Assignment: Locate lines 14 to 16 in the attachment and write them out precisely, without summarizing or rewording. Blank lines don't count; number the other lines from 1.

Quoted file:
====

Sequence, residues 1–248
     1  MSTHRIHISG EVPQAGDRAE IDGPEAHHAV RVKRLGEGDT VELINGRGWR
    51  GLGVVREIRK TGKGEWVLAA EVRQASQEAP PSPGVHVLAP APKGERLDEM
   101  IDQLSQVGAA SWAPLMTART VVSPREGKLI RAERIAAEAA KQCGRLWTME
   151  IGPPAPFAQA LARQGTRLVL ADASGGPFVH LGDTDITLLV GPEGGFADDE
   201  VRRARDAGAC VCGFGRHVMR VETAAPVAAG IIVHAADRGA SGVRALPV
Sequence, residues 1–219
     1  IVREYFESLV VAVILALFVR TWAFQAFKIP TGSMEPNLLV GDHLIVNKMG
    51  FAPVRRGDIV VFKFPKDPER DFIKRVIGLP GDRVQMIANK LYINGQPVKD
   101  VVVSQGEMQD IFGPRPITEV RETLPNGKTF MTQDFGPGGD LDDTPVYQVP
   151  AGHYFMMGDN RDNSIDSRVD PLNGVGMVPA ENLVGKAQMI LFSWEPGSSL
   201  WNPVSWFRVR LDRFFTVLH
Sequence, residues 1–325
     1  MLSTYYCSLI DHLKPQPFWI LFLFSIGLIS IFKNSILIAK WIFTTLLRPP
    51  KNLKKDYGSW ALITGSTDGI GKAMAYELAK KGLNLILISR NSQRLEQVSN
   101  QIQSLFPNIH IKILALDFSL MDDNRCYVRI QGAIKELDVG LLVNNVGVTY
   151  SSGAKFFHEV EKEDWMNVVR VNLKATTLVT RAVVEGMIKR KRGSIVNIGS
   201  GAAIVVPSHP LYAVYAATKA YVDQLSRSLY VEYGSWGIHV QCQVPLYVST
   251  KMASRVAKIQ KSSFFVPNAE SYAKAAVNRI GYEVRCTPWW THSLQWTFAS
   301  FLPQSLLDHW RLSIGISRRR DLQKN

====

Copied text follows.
     1  MLSTYYCSLI DHLKPQPFWI LFLFSIGLIS IFKNSILIAK WIFTTLLRPP
    51  KNLKKDYGSW ALITGSTDGI GKAMAYELAK KGLNLILISR NSQRLEQVSN
   101  QIQSLFPNIH IKILALDFSL MDDNRCYVRI QGAIKELDVG LLVNNVGVTY